The "glass transition temperature," Tg, is the temperature at which the amorphous domains of a polymer change from a brittle vitreous state to a solid deformable or ductile state at atmospheric pressure. In other words, the Tg corresponds to the temperature where the onset of segmental motion in the chains of the polymer occurs. When an amorphous or semicrystalline polymer is exposed to an increasing temperature, the coefficient of expansion and the heat capacity of the polymer both increase as the temperature is raised, indicating increased molecular motion. As the temperature is raised the actual molecular volume in the sample remains constant, and so a higher coefficient of expansion points to an increase in free volume associated with the system and therefore increased freedom for the molecules to move. The increasing heat capacity corresponds to an increase in heat dissipation through movement. Tg of a given polymer can be dependent on the heating rate and can be influenced by the thermal history of the polymer. Furthermore, the chemical structure of the polymer heavily influences the glass transition by affecting mobility.
 "Stress" refers to force per unit area, as in the force acting through a small area within a plane. Stress can be divided into components, normal and parallel to the plane, called normal stress and shear stress, respectively. Tensile stress, for example, is a normal component of stress applied that leads to expansion (increase in length). In addition, compressive stress is a normal component of stress applied to materials resulting in their compaction (decrease in length). Stress may result in deformation of a material, which refers to a change in length. "Expansion" or "compression" may be defined as the increase or decrease in length of a sample of material when the sample is subjected to stress.
 "Strain" refers to the amount of expansion or compression that occurs in a material at a given stress or load. Strain may be expressed as a fraction or percentage of the original length, i.e., the change in length divided by the original length. Strain, therefore, is positive for expansion and negative for compression.
 "Strength" refers to the maximum stress along an axis which a material will withstand prior to fracture. The ultimate strength is calculated from the maximum load applied during the test divided by the original cross-sectional area.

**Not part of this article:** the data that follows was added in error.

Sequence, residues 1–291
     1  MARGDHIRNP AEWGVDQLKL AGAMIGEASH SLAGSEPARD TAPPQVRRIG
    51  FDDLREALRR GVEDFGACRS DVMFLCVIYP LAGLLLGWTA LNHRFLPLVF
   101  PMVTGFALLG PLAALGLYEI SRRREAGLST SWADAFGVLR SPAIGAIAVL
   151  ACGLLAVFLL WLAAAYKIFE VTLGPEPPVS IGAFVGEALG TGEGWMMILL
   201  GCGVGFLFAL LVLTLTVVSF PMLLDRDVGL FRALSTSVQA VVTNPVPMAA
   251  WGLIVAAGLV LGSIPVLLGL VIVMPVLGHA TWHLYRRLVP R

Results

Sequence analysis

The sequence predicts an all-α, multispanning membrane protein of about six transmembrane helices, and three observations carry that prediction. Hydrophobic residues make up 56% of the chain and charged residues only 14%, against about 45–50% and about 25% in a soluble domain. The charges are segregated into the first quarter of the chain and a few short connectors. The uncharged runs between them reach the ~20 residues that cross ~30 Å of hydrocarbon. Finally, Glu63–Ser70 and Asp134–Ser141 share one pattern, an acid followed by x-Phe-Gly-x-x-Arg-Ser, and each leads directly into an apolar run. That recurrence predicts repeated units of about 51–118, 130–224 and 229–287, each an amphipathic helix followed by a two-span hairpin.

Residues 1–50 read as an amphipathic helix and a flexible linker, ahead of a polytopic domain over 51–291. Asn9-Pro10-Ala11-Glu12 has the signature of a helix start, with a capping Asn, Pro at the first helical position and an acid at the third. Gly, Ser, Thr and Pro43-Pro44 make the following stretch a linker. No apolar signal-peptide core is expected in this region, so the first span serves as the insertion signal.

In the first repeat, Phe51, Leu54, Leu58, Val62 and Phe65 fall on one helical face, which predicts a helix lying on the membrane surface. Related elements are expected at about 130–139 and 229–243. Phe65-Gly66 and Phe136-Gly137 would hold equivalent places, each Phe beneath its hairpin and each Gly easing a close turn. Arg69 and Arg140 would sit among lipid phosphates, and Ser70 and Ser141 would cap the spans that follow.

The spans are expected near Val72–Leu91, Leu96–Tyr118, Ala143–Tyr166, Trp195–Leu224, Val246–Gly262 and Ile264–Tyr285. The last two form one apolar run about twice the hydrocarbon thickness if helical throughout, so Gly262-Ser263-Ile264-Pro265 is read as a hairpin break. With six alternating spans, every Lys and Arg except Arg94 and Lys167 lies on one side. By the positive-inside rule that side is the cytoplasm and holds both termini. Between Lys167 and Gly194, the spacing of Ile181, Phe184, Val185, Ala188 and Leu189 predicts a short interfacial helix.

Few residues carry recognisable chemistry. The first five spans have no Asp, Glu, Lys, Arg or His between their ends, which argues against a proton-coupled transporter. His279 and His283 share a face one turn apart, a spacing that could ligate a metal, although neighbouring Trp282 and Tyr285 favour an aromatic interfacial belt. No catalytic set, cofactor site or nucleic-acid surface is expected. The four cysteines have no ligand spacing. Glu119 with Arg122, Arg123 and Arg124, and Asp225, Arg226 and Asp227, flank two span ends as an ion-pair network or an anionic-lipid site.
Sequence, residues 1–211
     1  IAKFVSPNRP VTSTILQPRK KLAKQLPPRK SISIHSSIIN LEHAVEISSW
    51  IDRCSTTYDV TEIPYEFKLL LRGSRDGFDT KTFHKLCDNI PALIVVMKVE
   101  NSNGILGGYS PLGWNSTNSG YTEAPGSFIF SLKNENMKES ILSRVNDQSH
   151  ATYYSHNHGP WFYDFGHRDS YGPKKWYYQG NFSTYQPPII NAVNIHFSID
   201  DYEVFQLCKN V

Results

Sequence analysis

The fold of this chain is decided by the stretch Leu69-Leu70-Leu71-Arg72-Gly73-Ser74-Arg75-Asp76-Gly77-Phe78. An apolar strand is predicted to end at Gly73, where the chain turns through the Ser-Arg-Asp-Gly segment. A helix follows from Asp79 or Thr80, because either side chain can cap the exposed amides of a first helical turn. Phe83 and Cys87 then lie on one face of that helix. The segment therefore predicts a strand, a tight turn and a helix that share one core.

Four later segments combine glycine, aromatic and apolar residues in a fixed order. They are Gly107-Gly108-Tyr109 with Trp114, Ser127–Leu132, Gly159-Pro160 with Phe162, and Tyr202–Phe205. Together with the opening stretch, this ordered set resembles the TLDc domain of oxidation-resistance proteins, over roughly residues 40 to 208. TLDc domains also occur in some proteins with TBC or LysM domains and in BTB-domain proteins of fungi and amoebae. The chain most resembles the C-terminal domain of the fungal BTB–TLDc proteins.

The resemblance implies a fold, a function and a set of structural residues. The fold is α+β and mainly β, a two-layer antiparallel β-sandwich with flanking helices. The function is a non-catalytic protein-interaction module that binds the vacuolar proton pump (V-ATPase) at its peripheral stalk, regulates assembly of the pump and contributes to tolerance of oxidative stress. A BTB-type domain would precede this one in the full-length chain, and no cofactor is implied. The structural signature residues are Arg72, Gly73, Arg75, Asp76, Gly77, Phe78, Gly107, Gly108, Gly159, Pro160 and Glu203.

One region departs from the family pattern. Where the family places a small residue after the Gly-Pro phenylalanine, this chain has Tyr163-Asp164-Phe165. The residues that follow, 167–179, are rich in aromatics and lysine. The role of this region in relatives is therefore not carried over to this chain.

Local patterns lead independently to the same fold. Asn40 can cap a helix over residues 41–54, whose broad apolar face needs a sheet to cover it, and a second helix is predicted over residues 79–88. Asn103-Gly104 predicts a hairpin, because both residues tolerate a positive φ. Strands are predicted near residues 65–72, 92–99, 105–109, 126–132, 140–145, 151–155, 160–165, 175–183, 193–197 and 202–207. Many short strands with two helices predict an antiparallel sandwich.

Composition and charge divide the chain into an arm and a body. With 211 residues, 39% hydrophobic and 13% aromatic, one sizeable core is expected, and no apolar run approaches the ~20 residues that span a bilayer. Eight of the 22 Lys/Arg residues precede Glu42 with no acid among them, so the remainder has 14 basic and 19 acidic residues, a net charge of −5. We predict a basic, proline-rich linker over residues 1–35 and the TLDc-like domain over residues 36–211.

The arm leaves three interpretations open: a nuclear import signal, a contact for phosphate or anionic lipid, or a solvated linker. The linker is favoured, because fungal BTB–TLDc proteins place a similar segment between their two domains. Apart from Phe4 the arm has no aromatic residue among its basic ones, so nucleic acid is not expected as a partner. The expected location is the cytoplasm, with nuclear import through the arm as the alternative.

"Modulus" may be defined as the ratio of a component of stress or force per unit area applied to a material divided by the strain along an axis of applied force that results from the applied force. The modulus typically is the initial slope of a stress--strain curve at low strain in the linear region. For example, a material has both a tensile and a compressive modulus.
 The tensile stress on a material may be increased until it reaches a "tensile strength" which refers to the maximum tensile stress which a material will withstand prior to fracture. The ultimate tensile strength is calculated from the maximum load applied during a test divided by the original cross-sectional area. Similarly, "compressive strength" is the capacity of a material to withstand axially directed pushing forces. When the limit of compressive strength is reached, a material is crushed.
 "Toughness" is the amount of energy absorbed prior to fracture, or equivalently, the amount of work required to fracture a material. One measure of toughness is the area under a stress-strain curve from zero strain to the strain at fracture. The units of toughness in this case are in energy per unit volume of material. See, e.g., L. H. Van Vlack, "Elements of Materials Science and Engineering," pp. 270-271, Addison-Wesley (Reading, Pa., 1989).
 The underlying structure or substrate of an implantable medical device, such as a stent can be completely or at least in part made from a biodegradable polymer or combination of biodegradable polymers, a biostable polymer or combination of biostable polymers, or a combination of biodegradable and biostable polymers. Additionally, a polymer-based coating for a surface of a device can be a biodegradable polymer or combination of biodegradable polymers, a biostable polymer or combination of biostable polymers, or a combination of biodegradable and biostable polymers.